By Robert Stone
There’s a lot of looking and seeing in parashat Vayera. The parashah opens with God appearing to Abraham – “Now God was seen by him [Vayera YHVH elav]” – as he was sitting by the entrance to his tent (Gen. 18:1). In the next sentences, Abraham “lifted up his eyes and saw three men. … When he saw them, he ran to meet them”. And he asked them to accept his hospitality “if I have found favour in your eyes” (Gen. 18:2-3). Later the three men arose and “looked down upon the face of Sodom” (Gen. 18:16), and God said “Let me go down and see whether [Sodom and Gomorrah] have acted according to the outcry that has reached me” (Gen. 18:21).
The tragedy that befell the wife of Lot, Abraham’s brother, as the family fled the destruction of Sodom and Gomorrah, was that she looked back and was turned into a pillar of salt (Gen. 19:26). Early the next morning, Abraham went to the place and “looked down upon the face” of Sodom and Gomorrah and saw the smoke of the destruction (Gen. 19:28).
We are introduced to this leitmotif of seeing in the previous parashah, Lech Lecha, when we meet Hagar, Sarai’s Egyptian maid. After Hagar became pregnant by Abram, Sarai treated her harshly and she fled. A messenger of God told her to go back: she will bear a son, Ishmael, because God has paid heed to her suffering. Hagar thereupon said to God, “You are El Ro’i, the God of Seeing” (Gen. 16:13).
What most Jews regard as our most important prayer, the Shema, begins Shema Yisrael, “Hear, O Israel”. It then goes on to stress, repeatedly, the importance of “these words that I command you today” (Deut. 6:4- 9). If there is one dominant mode in Torah, it is speaking – vayomer, vay’daber – and hearing.
“Words, words, words,” as Hamlet put it.
So where does seeing come in? There is a midrash that God took Abraham out of his tent, showed him the world and said, “Taste and see that the Eternal is good” (Psalm 34:9). Taste and see. Words are not enough. From the Mishnah to Maimonides we are told that we must not bury ourselves in texts: we also need to experience real life, with our eyes open, to see for ourselves what kind of world we live in and what we can do to repair that world – kkun olam. The texts are there to help us to see better and to act better, and that in turn helps us to understand the texts.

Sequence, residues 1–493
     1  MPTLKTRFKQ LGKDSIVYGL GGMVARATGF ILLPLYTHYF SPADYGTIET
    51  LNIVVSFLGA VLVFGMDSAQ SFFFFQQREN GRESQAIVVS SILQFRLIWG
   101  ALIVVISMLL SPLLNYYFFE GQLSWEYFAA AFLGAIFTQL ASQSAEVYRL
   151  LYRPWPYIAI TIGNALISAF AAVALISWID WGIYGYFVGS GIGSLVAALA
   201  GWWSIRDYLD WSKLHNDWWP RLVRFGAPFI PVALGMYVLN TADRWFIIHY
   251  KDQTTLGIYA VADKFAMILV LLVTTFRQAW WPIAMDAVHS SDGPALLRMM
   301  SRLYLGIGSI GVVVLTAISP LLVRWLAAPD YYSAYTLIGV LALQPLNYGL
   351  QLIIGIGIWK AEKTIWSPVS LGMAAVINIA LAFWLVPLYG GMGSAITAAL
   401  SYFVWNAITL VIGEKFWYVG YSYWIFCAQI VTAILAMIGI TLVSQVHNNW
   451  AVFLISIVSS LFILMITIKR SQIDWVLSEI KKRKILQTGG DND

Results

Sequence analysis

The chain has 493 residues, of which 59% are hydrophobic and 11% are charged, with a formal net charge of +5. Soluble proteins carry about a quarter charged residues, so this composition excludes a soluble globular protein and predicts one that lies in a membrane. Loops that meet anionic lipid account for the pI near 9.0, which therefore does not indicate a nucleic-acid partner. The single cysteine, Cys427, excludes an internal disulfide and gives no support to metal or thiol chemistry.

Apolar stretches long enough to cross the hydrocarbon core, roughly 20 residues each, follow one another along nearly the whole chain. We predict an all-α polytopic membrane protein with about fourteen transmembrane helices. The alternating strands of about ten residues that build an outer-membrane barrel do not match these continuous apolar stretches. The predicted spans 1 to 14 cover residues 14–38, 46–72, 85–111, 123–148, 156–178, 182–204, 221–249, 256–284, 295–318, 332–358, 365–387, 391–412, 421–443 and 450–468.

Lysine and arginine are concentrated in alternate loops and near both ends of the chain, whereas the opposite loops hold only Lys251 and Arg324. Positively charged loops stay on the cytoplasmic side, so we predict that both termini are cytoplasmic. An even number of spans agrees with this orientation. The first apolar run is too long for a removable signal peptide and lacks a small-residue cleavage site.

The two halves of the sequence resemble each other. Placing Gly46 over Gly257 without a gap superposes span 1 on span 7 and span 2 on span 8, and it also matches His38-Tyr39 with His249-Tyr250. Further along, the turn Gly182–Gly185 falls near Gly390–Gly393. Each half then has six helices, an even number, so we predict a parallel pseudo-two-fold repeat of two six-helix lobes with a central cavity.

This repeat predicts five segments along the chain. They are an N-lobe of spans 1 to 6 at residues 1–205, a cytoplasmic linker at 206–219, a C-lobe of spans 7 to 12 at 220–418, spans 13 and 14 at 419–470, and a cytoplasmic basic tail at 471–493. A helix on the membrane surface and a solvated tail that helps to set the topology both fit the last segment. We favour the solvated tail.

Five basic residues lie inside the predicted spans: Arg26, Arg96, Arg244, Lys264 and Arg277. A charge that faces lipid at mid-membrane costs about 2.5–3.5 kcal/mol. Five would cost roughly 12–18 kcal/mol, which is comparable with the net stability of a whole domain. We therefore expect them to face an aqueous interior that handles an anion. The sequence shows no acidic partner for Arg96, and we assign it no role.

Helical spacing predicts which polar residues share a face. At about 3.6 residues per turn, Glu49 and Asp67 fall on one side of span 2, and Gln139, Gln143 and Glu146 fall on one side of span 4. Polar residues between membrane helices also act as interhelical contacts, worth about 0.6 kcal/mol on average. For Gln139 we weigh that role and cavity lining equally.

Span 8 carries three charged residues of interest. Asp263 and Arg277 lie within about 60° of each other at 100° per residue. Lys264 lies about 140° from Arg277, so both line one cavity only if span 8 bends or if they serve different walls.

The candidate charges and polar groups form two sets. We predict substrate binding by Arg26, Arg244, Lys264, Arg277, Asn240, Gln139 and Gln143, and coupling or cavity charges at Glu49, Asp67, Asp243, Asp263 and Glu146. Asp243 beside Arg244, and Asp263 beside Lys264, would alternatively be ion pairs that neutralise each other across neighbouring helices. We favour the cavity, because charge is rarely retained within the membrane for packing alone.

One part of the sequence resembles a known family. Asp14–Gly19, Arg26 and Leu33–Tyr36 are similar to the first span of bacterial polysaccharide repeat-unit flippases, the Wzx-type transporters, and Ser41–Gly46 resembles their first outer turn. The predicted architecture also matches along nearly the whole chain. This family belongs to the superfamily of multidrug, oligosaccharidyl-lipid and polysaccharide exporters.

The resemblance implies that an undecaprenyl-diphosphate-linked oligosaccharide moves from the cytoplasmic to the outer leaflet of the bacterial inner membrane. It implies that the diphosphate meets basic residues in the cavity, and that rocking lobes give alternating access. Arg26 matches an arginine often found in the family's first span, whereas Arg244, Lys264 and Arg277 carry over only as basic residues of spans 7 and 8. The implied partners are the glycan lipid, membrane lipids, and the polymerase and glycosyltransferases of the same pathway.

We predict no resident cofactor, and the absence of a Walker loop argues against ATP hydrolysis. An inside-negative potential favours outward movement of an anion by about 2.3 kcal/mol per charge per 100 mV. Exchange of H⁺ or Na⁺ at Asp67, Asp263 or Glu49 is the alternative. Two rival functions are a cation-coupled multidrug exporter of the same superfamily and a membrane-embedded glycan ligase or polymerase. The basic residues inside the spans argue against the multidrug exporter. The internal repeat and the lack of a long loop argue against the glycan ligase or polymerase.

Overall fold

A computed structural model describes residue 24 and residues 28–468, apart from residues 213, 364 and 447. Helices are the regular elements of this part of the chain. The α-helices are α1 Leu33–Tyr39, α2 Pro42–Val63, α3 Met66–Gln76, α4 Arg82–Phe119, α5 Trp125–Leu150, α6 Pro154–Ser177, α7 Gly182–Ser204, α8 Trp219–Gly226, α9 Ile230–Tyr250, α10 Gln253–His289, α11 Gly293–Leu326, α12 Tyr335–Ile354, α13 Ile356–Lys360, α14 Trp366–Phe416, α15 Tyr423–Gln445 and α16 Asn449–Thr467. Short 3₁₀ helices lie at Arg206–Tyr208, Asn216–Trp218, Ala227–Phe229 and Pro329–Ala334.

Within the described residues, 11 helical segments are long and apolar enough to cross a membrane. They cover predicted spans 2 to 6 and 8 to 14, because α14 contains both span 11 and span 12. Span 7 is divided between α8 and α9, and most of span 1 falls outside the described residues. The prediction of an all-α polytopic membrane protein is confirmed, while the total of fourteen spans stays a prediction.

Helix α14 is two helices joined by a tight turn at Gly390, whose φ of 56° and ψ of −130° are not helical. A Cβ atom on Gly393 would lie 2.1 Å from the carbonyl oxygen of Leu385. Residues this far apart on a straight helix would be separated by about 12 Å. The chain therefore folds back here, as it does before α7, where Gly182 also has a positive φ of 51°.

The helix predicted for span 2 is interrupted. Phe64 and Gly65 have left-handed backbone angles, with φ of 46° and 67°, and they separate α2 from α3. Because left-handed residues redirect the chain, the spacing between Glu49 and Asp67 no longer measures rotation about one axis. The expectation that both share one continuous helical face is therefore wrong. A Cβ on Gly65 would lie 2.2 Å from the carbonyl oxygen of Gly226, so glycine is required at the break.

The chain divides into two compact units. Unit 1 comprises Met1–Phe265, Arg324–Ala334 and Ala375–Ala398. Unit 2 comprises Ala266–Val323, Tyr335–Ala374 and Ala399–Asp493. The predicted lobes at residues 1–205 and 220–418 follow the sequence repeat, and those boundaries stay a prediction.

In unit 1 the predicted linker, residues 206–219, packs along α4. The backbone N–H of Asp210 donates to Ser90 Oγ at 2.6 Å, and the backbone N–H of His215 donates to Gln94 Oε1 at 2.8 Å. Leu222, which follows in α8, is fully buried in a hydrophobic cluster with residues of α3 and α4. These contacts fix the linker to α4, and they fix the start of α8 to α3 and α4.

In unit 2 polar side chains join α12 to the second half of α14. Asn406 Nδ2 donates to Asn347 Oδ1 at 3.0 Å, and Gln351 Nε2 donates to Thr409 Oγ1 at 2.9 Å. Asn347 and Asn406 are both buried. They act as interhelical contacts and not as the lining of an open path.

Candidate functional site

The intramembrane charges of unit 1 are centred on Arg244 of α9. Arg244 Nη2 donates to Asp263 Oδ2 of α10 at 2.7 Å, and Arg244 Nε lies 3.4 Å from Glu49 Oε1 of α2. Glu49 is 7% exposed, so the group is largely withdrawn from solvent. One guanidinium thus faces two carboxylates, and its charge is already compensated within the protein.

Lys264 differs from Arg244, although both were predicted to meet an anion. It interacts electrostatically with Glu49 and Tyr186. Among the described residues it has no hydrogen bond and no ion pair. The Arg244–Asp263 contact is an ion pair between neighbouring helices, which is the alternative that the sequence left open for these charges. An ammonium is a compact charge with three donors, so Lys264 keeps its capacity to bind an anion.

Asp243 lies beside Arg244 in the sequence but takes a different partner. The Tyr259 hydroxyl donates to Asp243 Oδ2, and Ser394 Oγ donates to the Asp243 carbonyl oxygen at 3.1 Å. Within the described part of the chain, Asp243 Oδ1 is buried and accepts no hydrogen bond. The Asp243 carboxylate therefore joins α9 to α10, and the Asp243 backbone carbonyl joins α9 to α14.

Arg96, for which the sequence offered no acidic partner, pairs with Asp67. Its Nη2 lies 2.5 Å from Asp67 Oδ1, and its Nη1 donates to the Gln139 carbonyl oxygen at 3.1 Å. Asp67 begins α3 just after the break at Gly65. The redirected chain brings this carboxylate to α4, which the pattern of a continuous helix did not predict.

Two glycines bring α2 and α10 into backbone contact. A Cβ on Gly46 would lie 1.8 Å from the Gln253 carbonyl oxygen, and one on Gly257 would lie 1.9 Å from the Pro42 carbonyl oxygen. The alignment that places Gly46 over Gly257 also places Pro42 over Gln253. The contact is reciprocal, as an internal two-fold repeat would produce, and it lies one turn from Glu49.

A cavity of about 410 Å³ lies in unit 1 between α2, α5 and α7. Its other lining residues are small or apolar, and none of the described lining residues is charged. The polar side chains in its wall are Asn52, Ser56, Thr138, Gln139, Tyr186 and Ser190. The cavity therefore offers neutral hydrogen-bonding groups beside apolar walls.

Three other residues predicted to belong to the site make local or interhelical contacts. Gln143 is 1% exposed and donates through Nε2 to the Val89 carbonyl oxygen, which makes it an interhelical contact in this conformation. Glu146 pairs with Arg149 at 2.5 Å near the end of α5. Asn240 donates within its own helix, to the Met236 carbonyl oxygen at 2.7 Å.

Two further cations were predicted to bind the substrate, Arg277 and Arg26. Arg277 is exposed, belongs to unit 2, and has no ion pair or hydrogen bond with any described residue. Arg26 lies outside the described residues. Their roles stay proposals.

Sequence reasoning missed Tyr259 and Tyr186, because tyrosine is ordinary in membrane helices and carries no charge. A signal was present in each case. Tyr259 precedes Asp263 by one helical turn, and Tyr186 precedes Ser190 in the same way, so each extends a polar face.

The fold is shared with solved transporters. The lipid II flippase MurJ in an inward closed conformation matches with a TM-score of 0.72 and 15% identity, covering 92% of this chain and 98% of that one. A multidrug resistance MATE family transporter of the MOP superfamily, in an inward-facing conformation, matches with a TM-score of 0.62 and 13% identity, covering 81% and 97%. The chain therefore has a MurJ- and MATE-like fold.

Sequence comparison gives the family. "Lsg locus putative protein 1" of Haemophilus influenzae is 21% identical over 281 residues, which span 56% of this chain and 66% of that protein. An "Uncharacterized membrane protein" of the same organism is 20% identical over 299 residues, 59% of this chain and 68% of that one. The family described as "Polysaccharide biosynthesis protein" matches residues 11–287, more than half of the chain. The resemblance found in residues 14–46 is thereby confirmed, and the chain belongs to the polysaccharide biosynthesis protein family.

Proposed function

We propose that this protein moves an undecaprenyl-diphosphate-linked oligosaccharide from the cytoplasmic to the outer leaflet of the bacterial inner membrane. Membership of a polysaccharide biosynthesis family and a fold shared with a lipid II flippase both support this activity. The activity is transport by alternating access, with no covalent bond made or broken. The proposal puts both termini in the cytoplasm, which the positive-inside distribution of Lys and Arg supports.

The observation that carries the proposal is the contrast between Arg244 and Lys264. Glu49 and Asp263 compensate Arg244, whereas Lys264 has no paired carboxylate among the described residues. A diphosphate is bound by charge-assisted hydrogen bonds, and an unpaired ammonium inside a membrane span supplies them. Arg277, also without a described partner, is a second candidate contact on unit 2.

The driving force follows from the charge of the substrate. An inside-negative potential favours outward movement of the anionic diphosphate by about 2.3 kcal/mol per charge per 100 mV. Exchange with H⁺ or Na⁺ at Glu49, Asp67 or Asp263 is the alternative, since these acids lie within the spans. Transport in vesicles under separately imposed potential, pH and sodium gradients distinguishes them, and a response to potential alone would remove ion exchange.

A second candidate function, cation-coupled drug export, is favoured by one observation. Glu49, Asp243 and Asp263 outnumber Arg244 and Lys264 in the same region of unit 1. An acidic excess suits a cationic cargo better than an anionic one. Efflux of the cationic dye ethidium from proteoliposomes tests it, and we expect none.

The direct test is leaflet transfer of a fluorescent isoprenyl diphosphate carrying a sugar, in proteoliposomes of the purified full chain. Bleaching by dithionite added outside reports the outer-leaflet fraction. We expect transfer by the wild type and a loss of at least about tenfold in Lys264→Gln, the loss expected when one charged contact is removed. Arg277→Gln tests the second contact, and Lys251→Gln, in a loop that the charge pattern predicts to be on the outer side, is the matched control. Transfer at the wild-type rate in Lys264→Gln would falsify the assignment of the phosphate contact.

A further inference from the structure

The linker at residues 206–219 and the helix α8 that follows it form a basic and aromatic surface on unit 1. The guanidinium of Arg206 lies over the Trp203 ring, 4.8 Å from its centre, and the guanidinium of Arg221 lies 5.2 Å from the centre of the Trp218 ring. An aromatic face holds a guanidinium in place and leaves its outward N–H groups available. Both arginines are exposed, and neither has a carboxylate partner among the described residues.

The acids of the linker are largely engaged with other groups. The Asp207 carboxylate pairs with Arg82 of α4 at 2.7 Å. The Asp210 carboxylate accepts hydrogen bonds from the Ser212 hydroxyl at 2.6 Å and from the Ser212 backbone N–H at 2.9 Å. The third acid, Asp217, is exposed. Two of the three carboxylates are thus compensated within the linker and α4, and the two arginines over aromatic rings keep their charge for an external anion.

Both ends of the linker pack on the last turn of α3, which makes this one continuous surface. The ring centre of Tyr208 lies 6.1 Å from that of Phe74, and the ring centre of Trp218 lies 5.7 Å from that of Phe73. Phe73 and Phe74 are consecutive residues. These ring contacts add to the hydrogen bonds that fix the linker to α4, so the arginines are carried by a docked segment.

I have recently retired as a Trustee of Tzedek, the Jewish development charity. This summer, Tzedek, in cooperation with FZY and Tribe, organised a programme in Northern Ghana for two groups of UK Jewish 17-year- olds. They worked with Ghanaian youth leaders running programmes for children in extreme poverty. What shone out from social media posts by these remarkable teenagers, was that seeing conditions in Ghana for themselves and interacting with youth leaders and children there had enabled them, as one put it, “to partially burst [their] bubble of privilege and self-importance”. It was clear that they had risen to the challenge by learning from what they were seeing, and by allowing themselves to be transformed by that experience.
Robert Stone is a member of Kol Nefesh Masor Synagogue and Finchley Reform Synagogue.